“I’m sure Creative New Zealand are doing everything they can with the funding they have,” comments Bowden. “However, while Germany has significantly more resources than New Zealand, their approach demonstrates a much deeper and perhaps more mature commitment to the cultural sector. We read it as Germany are playing the long game...they’re saying while we are in cultural flux, we’re going to boost funding to the arts so [creatives] can keep creating, maintain institutional strength, and when they emerge from this crisis the cultural sector is going to play an even deeper role in society.”
“It’s a significantly different offer,” agrees Forbes. He states they're still researching the numbers, but his take is that it appears “Germany is spending $1,100 NZD per capita as opposed to $3.34 NZD per capita in New Zealand to secure the future of culture in Aotearoa.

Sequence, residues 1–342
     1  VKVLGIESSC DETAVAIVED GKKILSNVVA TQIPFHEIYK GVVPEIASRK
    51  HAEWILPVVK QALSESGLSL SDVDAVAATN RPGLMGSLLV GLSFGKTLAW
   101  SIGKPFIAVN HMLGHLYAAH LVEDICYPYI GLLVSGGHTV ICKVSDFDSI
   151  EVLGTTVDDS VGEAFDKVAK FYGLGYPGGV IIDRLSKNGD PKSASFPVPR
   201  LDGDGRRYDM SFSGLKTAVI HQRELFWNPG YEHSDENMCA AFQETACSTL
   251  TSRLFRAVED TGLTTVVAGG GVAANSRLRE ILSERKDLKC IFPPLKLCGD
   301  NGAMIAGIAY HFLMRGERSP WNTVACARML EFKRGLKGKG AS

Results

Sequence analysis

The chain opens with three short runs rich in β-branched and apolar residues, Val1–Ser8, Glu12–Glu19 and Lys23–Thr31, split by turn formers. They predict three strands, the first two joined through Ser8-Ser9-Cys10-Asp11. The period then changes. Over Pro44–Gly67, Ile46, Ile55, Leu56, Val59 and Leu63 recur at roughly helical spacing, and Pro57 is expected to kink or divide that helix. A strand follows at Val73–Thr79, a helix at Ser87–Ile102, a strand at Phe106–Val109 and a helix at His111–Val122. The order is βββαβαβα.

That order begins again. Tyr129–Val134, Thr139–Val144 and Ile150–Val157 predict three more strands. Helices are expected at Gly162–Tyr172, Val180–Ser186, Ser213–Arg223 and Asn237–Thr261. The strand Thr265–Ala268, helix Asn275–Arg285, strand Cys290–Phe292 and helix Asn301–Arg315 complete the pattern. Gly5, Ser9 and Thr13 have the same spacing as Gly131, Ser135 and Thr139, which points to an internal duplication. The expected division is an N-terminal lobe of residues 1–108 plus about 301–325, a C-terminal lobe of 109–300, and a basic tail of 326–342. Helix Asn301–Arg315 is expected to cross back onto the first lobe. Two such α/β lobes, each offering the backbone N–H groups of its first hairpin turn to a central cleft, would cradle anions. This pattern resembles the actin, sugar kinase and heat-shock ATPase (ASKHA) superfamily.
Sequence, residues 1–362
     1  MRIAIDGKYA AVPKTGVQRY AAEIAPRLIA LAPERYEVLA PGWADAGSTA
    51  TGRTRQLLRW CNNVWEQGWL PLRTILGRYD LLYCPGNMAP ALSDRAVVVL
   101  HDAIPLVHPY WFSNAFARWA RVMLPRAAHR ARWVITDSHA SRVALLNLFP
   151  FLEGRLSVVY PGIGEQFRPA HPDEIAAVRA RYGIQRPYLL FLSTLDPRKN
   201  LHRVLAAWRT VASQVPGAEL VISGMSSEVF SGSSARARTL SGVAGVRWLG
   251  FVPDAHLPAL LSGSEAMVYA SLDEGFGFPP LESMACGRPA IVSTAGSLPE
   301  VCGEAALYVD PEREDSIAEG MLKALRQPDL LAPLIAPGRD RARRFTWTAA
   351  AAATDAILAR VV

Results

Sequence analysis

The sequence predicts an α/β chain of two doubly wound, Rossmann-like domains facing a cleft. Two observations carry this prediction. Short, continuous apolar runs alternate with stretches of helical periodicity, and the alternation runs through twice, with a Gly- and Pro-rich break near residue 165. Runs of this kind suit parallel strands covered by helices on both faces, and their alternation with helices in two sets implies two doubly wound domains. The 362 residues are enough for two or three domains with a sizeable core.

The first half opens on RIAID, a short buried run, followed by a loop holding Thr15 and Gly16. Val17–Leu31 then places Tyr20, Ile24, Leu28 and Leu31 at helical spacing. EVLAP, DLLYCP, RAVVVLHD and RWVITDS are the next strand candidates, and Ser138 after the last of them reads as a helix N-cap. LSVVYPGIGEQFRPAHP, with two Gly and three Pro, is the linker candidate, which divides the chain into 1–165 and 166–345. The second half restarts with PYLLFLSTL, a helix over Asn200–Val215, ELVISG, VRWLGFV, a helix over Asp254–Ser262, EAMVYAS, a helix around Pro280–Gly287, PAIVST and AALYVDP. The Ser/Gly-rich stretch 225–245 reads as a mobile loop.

"Art is essential in a healthy society, world and future and as much as everyone is grateful for the speed, support and immediacy of the New Zealand response in light of Germany’s package, I think the challenge [the group] are going to give ourselves as a facilitating network is to ask the questions: what is the big vision for the future of Aotearoa? What kind of arts future do we want? Now that everything is turned off, what do we want to turn back on again and why?”
“We believe art and culture are essential,” Forbes continues. “Culture is the collection of our stories and art has a role in telling those stories in the best possible way. By asking those questions, we are acknowledging that we will have a really important role in solidifying positivity when this crisis passes. Injecting the story with our practices will really help us to embrace a positive future - that’s our job, and we should feel empowered to do that job.”